This program with one of America’s closest partners in the Middle East is poised to service a growing transit hub for international passengers as business and tourist travel from the Middle East, Africa, and India increases with the U.S.

Government and airport authorities in Abu Dhabi welcome the facility and have made it clear to U.S. airlines that they are welcome to fly to and from Abu Dhabi’s International Airport to tap into this new preclearance program. 

Abu Dhabi’s Etihad Airways flies directly from AUH to three major U.S. markets and boasts an active code-share agreement with American Airlines.  In addition to providing economic benefit to American Airlines, this code-share allows passengers to access the carrier’s domestic flights that service some 90 destinations around the U.S.

As frequent travelers and stakeholders in the U.S.-U.A.E. relationship, we understand why the U.S. government is keen to launch this initiative in Abu Dhabi:

The program will enhance U.S. security: A program fully-staffed by the U.S. Customs and Border Patrol (CBP), the new preclearance facility in the U.A.E. will serve to improve security and will reduce transit time and security concerns for global travelers wishing to enter the U.S. through busy American airports.

The CBP already operates 15 preclearance facilities in Canada, Ireland, and the Caribbean for these reasons.  With increased travel through geocentric transit hubs like the U.A.E., a 16th facility in Abu Dhabi — the country’s capital — is a very logical choice.  The Abu Dhabi facility will effectively allow all CBP-cleared passengers to complete U.S. customs and immigration before boarding their inbound flight to the U.S.  Upon arrival, these travelers will benefit from proceeding to their final destination seamlessly.  American travelers will benefit from a significant reduction in passenger wait times and the costs associated with additional security procedures currently performed at U.S. airports.

CBP will apply the same rigorous standards in Abu Dhabi that it applies at U.S. airports, but will do so before any passenger that might pose a risk boards their flight.  It is difficult to imagine a more fundamental and cost-effective way for CBP to protect the United States than to work with one of our most reliable partners in a strategically sensitive part of the world to prevent any potentially dangerous passengers from boarding planes bound for America.  It is even more difficult to imagine anyone arguing that they would prefer to conduct such screening at Kennedy or Dulles Airports, after the passenger has already arrived on U.S. soil.

The program is good for passengers: Over the last decade, passengers from the Middle East have experienced long delays in receiving visas prior to travel and endured lengthy screenings at CBP facilities soon after arrival in the U.S.  Not only do these inconveniences portray American business and tourism in a negative light, they also send the wrong message to key demographic customers representing a significant portion of global travel and commerce.  Accordingly, the new preclearance facility in Abu Dhabi will simultaneously increase economic and cultural ties between the U.S. and communities in the Middle East, Africa, and Asia looking to experience the added benefit of clearing the American security process before getting on a plane.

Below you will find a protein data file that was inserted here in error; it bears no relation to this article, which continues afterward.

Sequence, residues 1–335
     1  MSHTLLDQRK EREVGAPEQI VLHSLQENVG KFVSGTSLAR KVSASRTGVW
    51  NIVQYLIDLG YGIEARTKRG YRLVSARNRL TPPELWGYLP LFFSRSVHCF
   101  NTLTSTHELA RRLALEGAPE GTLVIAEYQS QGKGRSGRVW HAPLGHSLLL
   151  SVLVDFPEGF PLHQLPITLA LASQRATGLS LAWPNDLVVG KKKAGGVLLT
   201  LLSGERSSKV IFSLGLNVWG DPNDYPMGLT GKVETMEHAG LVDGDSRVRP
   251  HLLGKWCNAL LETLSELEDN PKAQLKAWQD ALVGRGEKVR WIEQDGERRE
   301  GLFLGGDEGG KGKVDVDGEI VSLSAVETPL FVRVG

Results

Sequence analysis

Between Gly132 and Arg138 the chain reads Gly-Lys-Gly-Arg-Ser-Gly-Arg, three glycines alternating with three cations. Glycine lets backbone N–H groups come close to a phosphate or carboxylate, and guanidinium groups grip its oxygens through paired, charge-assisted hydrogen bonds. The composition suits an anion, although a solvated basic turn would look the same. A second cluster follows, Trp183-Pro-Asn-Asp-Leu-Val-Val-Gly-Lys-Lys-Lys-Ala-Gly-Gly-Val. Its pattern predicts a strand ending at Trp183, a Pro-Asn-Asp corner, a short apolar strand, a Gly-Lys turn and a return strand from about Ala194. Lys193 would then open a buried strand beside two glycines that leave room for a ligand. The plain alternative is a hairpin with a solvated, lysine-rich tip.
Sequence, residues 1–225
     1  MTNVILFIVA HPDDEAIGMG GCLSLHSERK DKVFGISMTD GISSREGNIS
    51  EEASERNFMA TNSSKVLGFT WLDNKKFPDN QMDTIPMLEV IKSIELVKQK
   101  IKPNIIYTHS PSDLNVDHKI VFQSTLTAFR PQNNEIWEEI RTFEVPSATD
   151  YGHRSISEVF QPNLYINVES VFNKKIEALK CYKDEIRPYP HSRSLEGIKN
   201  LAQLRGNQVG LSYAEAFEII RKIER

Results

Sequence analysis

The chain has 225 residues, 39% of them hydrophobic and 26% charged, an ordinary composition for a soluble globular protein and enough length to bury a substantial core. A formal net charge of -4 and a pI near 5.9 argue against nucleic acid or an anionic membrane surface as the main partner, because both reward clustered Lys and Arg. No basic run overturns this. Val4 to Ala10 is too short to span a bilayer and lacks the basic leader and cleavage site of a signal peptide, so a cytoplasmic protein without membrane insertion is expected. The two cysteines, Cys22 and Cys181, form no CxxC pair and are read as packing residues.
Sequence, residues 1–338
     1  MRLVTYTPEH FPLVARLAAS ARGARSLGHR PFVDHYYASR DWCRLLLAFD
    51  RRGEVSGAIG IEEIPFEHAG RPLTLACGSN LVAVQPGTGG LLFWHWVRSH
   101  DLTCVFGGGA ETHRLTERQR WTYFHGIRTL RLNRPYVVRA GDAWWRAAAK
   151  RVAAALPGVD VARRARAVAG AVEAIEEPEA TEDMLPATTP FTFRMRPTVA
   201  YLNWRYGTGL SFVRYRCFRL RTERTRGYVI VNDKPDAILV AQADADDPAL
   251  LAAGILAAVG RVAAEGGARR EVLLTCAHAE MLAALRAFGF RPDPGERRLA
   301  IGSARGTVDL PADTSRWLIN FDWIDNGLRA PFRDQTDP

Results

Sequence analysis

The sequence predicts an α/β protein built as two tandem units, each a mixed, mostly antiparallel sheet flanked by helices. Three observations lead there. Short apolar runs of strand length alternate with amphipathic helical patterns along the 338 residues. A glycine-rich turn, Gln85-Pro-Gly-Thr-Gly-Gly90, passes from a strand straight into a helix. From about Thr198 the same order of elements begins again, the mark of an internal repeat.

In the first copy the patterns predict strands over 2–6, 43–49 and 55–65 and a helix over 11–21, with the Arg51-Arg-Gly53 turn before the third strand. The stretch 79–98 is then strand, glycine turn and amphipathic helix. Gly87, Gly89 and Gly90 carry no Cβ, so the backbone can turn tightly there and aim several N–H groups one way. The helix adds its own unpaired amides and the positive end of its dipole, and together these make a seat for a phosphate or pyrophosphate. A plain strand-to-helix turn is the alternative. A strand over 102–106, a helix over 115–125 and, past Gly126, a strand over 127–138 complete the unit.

This program will boost the U.S. economy and facilitate more economic activity.  Ensuring a safe and smooth arrival to the U.S. for all travelers from the region will prove beneficial to the economy.  According to the U.S. Travel Association, international travel is America’s top service export bringing in nearly $4500 per traveler per trip to the U.S., contributing nearly $130 billion to the U.S. economy, and generating more than $19 billion in federal, state, and local tax revenue.  For business and tourist travelers from the Middle East region, the new facility will ensure a more convenient and efficient flying experience — allowing them to focus on business and tourism, while increasing their chance of return trips.  America’s total share of international travelers has fallen since 2000, and programs like this could help reverse the trend.

The facility will save money for the U.S. government.  The U.A.E. has agreed to cover 85% of the costs associated with the preclearance facility.  These costs — including the salaries of CBP officers and the expense of operating systems — would otherwise be incurred at the U.S. airport of arrival and thus borne by the U.S. government.  It is worth noting that even though the U.A.E. is picking up a major part of the tab, it will have no voice in the operation of the facility and no say over the official screening decisions or procedures of the CBP officers.  In this time of fiscal austerity, a new preclearance facility in Abu Dhabi is an innovative and effective way to enhance U.S. security and save money at the same time.

The Abu Dhabi preclearance facility will significantly boost American security, enhance business and tourism relations with a youthful and dynamic region, and reduce costs affiliated with additional screening and holding of international passengers upon arrival in the United States.

Sebright is president of the U.S.-U.A.E. Business Council and the head of the Middle East Practice Group at The Cohen Group.